Fast forward to the movies at the beginning of the 1960s. Gee, golly, what a difference for Doris and the rest of us!
Three comedies of hers with different leading men had me laughing like a loon. Yes, they had cute but not wildly unique plots and scrumptious leading men. James Garner in the Move Over, Darling and The Thrill of It All (written by Carl Reiner, no less!) were 2 great choices. Rock Hudson is a hoot in Pillow Talk. Less thrilling than either of those two simply because he acted this in such a flat, poker-faced manner was Cary Grant, age 58 at the time to Doris's 38, in That Touch of Mink.
While I leave it to you to watch these yourself, I will say my conclusions about what is happening to women in the first three years of the sixties is phenomenal.
I know. Because I remember those years VERY WELL.
In the Rock Hudson movie, we see Doris as as professional woman who works her butt off to succeed in business and she is foiled mightily by a scheming no-good wily man who is her rival for the same accounts. The plot is terribly funny and in the end she loves him, he loves her. AND WOW, we wonder why!
At no time in the movie except for the last ten minutes does this man show any redeeming qualities. Yes, he is handsome. A real CATCH, right? He is rich, successful, and the fact that he has been unprincipled toward her and his clients seems to matter not at all! SHE LOVES HIM! If I wrote this in a book, captured this man's essence in words, I WOULD BE REJECTED. And justly so. He is about as worthy a hero as Vlad, the Impaler. But of course, that is what he reps, isn't it? A Romantic Vlad.
We will have a moment of shuddering here....
In the Thrill of It All, we get Doris with James Garner. A delight visually, this couple can bring on the laughter. But the substance of the plot?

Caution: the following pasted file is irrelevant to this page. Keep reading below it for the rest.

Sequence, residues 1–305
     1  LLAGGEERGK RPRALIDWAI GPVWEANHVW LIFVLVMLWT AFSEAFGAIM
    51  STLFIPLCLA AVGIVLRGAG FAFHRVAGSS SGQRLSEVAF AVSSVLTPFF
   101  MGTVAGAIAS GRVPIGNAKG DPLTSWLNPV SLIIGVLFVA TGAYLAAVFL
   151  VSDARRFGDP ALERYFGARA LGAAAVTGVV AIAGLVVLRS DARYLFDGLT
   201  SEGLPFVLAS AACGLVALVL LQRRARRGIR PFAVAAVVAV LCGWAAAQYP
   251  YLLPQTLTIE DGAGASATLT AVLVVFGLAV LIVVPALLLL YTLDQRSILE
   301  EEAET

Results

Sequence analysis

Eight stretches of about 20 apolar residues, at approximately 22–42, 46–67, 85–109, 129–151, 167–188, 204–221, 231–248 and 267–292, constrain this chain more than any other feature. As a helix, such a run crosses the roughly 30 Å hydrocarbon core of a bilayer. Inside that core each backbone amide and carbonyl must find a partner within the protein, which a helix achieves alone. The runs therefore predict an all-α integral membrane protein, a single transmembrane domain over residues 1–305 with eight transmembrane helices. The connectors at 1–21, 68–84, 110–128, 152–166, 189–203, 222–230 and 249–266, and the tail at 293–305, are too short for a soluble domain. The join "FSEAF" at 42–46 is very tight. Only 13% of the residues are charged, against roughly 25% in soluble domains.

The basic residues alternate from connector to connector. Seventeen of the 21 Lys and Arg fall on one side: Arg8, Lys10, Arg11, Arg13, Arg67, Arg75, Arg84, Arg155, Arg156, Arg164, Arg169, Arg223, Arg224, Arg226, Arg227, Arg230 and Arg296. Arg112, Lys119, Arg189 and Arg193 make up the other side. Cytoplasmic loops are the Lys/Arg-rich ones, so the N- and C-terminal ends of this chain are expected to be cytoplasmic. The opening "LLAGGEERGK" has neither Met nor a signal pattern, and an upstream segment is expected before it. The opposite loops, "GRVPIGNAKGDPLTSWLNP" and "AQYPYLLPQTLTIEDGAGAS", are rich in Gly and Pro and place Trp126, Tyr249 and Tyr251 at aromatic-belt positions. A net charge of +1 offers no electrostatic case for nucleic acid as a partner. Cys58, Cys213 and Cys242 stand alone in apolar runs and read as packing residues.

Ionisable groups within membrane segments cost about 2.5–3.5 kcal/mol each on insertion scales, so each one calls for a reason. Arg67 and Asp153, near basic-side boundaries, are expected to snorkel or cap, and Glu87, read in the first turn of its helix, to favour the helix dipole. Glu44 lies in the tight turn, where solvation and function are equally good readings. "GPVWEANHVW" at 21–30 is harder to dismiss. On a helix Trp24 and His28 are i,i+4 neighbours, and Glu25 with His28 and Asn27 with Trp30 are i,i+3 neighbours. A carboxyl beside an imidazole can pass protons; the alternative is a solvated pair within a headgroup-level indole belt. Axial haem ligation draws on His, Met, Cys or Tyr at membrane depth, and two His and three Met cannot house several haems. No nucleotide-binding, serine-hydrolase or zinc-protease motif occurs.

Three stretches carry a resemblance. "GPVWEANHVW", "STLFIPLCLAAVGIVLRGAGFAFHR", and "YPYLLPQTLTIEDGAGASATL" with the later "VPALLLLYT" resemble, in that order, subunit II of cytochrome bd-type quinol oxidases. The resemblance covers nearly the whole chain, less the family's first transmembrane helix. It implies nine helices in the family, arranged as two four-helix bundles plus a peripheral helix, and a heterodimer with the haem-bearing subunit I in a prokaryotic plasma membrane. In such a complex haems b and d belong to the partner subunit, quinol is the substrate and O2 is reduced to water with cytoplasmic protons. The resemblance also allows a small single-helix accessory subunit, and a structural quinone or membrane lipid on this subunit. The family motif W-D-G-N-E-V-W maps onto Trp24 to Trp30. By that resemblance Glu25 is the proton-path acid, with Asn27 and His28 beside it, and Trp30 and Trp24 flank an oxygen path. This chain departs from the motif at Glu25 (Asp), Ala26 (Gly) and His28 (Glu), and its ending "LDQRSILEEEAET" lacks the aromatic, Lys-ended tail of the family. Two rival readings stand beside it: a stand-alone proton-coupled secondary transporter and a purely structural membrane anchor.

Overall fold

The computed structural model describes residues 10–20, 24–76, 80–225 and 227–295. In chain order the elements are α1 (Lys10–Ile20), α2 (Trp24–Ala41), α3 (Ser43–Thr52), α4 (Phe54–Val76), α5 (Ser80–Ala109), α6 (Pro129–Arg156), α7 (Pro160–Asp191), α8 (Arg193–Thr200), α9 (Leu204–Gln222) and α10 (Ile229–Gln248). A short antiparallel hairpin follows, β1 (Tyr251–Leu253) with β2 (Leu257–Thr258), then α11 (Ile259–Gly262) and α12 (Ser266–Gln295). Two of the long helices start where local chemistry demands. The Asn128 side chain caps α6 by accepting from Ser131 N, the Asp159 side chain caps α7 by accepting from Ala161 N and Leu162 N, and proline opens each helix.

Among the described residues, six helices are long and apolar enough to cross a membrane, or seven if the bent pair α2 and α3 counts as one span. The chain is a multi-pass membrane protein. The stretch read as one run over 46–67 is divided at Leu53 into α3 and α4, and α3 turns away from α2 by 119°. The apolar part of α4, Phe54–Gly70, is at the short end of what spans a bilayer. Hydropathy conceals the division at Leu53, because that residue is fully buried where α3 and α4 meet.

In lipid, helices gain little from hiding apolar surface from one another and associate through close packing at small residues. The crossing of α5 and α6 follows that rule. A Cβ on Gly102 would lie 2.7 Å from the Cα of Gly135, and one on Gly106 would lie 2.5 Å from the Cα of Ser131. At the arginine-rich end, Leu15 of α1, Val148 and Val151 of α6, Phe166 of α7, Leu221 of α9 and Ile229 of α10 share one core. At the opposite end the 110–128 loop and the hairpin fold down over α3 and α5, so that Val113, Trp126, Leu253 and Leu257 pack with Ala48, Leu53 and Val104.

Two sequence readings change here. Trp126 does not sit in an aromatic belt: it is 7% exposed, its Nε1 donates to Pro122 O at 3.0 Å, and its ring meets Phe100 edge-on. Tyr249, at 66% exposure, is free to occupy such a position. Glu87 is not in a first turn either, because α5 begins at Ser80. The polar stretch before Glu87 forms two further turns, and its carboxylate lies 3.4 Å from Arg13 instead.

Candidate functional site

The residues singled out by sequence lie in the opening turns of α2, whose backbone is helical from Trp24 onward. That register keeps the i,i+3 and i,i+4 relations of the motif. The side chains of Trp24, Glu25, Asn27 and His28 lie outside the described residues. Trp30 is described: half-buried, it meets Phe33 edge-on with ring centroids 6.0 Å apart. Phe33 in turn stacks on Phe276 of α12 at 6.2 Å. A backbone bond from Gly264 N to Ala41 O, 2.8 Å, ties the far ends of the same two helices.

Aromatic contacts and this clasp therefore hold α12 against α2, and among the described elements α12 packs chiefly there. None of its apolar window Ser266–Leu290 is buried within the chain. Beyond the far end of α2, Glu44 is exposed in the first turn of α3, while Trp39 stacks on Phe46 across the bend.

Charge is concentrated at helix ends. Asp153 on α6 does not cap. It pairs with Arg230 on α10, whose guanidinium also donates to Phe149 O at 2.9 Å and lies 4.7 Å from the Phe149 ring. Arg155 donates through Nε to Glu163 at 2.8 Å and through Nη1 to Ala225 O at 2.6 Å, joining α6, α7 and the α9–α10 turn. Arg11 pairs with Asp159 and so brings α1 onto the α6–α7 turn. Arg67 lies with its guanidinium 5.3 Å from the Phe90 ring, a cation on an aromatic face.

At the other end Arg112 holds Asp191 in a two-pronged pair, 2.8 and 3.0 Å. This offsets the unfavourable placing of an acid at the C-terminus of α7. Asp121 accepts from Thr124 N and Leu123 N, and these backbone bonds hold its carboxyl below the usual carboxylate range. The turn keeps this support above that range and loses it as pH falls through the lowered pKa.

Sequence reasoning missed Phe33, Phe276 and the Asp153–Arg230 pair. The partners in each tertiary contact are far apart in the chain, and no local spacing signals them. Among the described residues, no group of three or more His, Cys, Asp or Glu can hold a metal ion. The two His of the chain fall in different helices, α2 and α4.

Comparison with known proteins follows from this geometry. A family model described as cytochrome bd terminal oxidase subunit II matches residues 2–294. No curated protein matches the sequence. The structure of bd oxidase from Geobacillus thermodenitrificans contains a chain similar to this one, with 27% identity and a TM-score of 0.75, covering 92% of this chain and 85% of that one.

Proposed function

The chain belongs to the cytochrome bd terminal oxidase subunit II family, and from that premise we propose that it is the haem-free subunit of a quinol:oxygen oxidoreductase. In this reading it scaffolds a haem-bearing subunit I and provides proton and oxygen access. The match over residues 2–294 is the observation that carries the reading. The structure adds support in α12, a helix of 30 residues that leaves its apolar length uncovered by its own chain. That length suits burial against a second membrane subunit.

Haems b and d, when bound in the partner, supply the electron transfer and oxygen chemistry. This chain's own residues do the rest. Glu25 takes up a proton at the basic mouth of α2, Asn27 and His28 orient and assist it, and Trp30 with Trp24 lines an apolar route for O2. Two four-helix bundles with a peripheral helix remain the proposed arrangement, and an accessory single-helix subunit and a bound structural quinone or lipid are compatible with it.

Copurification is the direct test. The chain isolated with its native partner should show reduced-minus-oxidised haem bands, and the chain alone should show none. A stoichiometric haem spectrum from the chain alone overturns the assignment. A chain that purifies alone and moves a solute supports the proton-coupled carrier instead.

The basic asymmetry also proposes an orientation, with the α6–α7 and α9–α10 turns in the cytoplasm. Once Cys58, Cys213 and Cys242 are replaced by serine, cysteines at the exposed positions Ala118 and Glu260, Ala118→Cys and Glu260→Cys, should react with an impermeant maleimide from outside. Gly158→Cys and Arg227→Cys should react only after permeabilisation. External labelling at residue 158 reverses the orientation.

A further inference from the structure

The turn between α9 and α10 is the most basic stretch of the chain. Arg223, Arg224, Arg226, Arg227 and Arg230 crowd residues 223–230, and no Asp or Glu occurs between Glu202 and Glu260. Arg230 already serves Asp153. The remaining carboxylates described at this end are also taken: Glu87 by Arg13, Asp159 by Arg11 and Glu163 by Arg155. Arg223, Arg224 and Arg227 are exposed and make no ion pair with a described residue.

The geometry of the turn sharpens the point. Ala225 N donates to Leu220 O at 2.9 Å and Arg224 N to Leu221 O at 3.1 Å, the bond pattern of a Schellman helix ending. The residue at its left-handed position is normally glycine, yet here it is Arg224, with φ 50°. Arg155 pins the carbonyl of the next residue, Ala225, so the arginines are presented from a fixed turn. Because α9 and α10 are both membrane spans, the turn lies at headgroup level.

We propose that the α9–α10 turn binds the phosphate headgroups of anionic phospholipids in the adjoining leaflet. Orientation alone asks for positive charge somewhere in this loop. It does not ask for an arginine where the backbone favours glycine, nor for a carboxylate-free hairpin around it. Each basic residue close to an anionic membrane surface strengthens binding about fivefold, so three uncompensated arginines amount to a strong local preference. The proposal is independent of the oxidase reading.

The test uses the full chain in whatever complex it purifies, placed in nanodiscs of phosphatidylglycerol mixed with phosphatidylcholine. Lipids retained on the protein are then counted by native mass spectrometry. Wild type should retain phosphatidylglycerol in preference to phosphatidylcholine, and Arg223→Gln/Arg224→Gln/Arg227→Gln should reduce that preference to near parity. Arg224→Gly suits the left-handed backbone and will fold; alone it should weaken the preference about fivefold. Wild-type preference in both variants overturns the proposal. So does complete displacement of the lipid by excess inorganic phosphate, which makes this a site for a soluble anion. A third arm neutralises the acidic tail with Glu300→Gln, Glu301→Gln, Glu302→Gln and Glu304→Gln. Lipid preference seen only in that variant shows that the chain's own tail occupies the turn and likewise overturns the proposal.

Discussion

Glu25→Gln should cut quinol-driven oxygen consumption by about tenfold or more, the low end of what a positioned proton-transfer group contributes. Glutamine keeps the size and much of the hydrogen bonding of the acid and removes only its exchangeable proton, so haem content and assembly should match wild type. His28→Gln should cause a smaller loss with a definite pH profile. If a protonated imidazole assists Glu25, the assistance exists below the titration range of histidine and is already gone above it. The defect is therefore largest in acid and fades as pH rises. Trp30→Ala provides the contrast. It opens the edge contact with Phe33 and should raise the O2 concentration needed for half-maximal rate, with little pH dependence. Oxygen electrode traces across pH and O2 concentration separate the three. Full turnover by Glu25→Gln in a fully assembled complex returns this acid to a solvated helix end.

This flick left me rather agog that I had watched this then...and now!
She is his wife and mother of his two charming children. He is a noted OB-GYN. Quite by chance, she becomes a spokesperson for a product that sweeps to her onto billboards, fame and money. When hubby Jim gets fed up with her celebrity, his bright idea to bring her back to home/heel/submission (do choose a word you like here) is to get her pregnant again.
He actually has a moment in the film where he sits at his desk and recalls one of his patients telling him that there is no finer calling in life for a woman than to have a baby.
While I had three of my own babies, and loved every moment of being pregnant and their early lives and bringing them up to adulthood, I must say that they rank up there with a few other events in my life.
- My enduring relationship with my husband, now more than 45 years.
- My enduring relationship with my writing profession, now more than 32 years.
- And my enduring relationship with my devotion to my intellectual stimulation, now more than...well, let's say...lots of decades!
Doris, you did right by me at the time. But not all of what you taught us was the whole picture of what a woman can and should become.